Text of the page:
Taras stripped down to his underwear. From their seats, the men examined him for tattoos and any markings that might indicate that he had recently seen combat—calluses on the hands, chafing around the neck from a flak jacket, bruising on the shoulder from a firearm’s recoil.

Baiting him, one of the interrogators asked, “Where do you plan to serve?”


At midday, the captives were brought outside. There was snow on the ground. The morning had been overcast and now it began to rain, compounding the cold. Four more buses arrived, and Taras stood waiting as about a hundred and fifty more captives were processed. By the time he got back on the bus, his jacket and sneakers were soaked through. He was shivering.

The buses continued northeast, crossing into the self-proclaimed Donetsk People’s Republic, a breakaway region whose independence Ukraine did not recognize. They stopped in the village of Kozatske, which had fallen to Russian-backed separatists years ago. There, in the cafeteria of an old primary school, each man was given a small serving of watery soup.

As night fell, the captives laid down tightly spaced rows of thin mats in classrooms and corridors. All the detainees appeared to be civilians from Taras’s working-class neighborhood, men who had spent the preceding weeks preoccupied not with winning battles but with keeping their families alive, day to day, under conditions of extreme deprivation. Taras himself had already lost more than twenty pounds in less than two months under siege, a conspicuous drop from an already willowy frame. He had developed chronic pain in his chest, which he assumed was from breathing stale basement air or sleeping on concrete.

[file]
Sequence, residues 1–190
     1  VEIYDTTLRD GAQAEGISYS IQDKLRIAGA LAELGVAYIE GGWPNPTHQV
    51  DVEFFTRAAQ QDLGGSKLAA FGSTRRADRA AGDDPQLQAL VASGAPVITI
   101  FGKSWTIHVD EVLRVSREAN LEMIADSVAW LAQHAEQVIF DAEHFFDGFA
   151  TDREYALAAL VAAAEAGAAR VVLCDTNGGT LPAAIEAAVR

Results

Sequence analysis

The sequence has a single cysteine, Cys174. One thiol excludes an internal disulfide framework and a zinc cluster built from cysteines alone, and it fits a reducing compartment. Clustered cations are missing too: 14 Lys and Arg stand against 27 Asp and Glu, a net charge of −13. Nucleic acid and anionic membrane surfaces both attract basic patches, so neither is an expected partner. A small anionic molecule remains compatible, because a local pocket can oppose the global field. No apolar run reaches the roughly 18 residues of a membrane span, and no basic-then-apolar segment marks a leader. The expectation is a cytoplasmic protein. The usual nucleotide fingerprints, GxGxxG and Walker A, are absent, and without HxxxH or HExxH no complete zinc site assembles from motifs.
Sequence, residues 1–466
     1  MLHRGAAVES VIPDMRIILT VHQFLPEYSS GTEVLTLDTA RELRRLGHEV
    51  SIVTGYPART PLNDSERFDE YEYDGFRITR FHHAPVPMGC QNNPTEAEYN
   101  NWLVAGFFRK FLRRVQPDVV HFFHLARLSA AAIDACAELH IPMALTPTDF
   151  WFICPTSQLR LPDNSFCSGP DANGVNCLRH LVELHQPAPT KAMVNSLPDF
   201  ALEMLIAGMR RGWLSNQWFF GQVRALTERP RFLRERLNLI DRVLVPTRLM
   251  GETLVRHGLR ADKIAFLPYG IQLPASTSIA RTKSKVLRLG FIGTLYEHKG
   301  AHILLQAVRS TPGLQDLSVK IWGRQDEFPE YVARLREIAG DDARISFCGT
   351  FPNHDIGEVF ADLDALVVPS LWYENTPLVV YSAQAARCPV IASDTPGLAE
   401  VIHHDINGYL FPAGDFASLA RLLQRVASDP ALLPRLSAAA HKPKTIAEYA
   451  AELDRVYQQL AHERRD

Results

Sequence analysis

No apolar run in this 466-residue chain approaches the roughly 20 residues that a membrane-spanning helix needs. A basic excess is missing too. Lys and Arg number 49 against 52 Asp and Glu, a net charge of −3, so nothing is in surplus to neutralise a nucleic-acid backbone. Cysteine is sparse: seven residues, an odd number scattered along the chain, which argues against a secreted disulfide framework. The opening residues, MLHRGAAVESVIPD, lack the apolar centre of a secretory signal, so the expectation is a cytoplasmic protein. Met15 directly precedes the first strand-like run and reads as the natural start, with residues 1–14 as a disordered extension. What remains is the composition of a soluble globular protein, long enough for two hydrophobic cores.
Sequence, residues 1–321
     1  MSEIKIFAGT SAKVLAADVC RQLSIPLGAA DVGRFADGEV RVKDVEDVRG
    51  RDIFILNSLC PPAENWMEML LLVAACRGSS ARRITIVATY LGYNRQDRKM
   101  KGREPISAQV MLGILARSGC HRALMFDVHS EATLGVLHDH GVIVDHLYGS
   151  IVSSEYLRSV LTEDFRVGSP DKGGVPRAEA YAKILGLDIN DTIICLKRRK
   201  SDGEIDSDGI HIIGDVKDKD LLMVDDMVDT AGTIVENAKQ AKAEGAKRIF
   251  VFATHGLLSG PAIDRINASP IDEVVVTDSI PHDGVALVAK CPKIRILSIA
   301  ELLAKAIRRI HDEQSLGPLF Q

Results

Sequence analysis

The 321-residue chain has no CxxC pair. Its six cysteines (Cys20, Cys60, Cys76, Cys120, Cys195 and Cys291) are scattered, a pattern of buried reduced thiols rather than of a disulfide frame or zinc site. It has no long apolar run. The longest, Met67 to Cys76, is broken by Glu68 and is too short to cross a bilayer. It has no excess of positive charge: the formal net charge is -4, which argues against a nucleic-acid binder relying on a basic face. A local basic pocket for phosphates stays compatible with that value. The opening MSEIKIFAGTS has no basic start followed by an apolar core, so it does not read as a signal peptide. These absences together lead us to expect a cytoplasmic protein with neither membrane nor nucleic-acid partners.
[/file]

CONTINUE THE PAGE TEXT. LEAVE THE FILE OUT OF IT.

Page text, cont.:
Taras dragged his mat into a hallway. His stomach growled, and his clothes were still damp from the rain. Hungry, cold, and exhausted, he curled up in a ball and fell into a restless sleep. He had not yet heard a term that would soon become familiar: “filtration camp.”

Filtration, broadly understood as a process by which a wartime government or a non-state actor identifies and sequesters individuals it deems a threat, does not, in itself, violate international humanitarian law. A recent report by researchers at Yale on Russia’s occupation of eastern Ukraine notes that “occupying powers in international conflicts have the right to register persons within their area of control; the force in control may even detain civilians in certain limited circumstances.” The system can comprise various checkpoints, registration facilities, holding centers, and detention camps. At a United Nations Security Council meeting earlier this month, Russia’s U.N. Ambassador, Vasily Nebenzya, went so far as to describe its filtration program as “normal military procedure.” Whether filtration amounts to normal procedure, or something worse, depends on how it is executed—and to what end.